If Kipnis is Kipnis while Bruce and Cabreara are Bruce and Cabrera, the team should have some explaining to do.

21 thoughts on “Mets Fans Should Monitor Jason Kipnis’ Production”

  1. OldBackstop says:

    Metsdaddy, did anyone ever say who the prospects were in that deal?

    You say the triumvirate is injury prone, but Reyes and Cabrera played the most games of anyy Met, and Wilmer had a freak broken nose off his own foul ball. Kipnis injuries are much more concerning — a right hamstring that came back three times and a strained rotator cuff that landed him on the DL…a strain turning into a torn rotator cuff at 31 would be career threatening.

    You have swiped at the Bruce trade repeatedly, but the Mets were not set in the OF with truly injury prone Lagares and actually injured Conforto and perennially wincing Cespedes, We all love Nimmo, but I think of him as a five tool player with the tools being B at best,…..I think he may be playing a little over his head and I’m not sure I’d want him as a starter on a contending team. Bruce has been whatever the opposite of injury prone his whole career, and he is a possibility for time at first as well.

    That said, if Kipnis is healthy, I agree I would have rather given him the money then Bruce but for a reason you don’t list — his ability to play OF, even center, which was his early position. While it would be nice to see that he could be plugged in at another IF slot like Reyes/Cabrera/Flores, (he has never started even one game at any place in the IF but second) the OF angle is excellent.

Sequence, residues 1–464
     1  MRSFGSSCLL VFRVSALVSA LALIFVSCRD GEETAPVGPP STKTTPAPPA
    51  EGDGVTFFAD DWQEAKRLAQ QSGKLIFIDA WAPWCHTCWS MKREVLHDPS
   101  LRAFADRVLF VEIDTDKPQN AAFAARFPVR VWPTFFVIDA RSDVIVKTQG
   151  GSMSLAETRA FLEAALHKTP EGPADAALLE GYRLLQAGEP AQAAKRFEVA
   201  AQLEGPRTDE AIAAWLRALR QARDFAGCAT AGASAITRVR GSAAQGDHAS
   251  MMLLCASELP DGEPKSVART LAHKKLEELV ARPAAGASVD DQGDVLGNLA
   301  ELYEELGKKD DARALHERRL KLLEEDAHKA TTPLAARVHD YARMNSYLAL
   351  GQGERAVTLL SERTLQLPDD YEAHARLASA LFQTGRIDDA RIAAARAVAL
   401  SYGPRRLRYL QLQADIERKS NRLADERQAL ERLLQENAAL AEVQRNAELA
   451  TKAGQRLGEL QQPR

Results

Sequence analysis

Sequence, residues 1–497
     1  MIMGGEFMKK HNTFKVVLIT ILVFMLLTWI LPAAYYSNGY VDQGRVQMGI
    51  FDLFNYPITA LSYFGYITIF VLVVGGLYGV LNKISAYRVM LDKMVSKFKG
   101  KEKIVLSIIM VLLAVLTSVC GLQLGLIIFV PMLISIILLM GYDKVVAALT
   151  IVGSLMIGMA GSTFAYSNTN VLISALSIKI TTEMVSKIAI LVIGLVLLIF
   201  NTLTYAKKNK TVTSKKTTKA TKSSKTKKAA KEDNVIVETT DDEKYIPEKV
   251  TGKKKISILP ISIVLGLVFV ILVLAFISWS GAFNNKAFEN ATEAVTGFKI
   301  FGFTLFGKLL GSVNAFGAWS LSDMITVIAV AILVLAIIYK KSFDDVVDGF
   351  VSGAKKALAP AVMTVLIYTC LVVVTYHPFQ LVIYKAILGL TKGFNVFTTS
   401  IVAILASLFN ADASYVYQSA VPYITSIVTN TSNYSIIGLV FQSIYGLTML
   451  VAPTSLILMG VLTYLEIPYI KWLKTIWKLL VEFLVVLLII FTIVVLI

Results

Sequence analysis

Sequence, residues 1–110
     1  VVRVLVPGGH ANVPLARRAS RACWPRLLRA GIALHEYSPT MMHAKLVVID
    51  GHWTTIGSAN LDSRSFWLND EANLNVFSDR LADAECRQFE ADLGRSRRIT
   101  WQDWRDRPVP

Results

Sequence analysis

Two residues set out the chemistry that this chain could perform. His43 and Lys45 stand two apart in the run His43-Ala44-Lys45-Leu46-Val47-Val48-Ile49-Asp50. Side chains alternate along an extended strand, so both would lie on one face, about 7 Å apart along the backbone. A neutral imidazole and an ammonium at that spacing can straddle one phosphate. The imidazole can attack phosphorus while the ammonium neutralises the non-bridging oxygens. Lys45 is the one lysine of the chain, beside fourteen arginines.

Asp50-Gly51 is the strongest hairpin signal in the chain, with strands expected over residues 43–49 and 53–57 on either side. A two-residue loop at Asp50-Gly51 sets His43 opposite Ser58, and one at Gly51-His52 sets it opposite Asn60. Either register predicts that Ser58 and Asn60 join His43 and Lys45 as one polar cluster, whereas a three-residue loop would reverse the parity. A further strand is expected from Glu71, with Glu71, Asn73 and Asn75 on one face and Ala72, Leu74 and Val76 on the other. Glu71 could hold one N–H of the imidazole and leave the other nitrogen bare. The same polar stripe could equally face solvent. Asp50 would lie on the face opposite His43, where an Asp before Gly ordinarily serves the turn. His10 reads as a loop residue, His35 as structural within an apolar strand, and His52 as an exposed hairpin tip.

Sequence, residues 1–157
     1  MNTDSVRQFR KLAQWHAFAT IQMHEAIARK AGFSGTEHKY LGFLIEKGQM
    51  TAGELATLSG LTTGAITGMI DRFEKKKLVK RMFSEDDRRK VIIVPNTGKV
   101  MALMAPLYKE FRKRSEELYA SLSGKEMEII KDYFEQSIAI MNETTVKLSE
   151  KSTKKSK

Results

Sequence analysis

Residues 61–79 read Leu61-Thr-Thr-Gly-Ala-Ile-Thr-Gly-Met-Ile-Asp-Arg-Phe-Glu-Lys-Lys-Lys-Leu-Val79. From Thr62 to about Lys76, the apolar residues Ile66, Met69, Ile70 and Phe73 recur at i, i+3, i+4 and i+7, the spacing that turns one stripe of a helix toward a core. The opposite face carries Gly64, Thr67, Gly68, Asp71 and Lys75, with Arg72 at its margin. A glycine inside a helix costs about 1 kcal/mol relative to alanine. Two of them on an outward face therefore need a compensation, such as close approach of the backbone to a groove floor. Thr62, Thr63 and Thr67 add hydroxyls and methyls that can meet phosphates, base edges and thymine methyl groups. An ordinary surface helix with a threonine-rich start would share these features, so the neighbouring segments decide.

Just for the exercise of saying the Mets actually were weighing Bruce vs. Kipnis, I think the injury piece of it is that in Bruce they added a workhorse to an injury prone OF and in Kipnis they were bringing in an injury risk to a middle infield that wasn’t injury suspect last year.

    A perfect deal here would be to work Cabrera and his $8.5 mil into the deal in some formula to offset Kipnis’s 30 mil, since Cabrera will be extraneous.

    A healthy Kipnis in the spring here really does change the dynamic in an additional way, because Kipnis really dragged when he did get on the field last April….seems he is a guy that needs the spring.

    A Kipnis for Cabrera plus some prospects would be an awesome deal. Unlike Walker, Kipnis is a clear upgrade….even assuming it would slam the wallet shut for the rest of the year, I’d be down with it.

    1. metsdaddy says:

      1. They didn’t mention the prospects

      2. Playing the most games on an injury prone team doesn’t mean you’re not injury prone.

      3. Bruce has a history of knee issues and is now dealing with plantar fasciitis

      4. Like Kipnis, Walker is a clear upgrade over Cabrera

      1. OldBackstop says:

        “”1. They didn’t mention the prospects””
        Because it came out that Nimmo was offered to the Pirates….interesting how much they were thinking of OF time for Kipnis….
        “”2. Playing the most games on an injury prone team doesn’t mean you’re not injury prone.””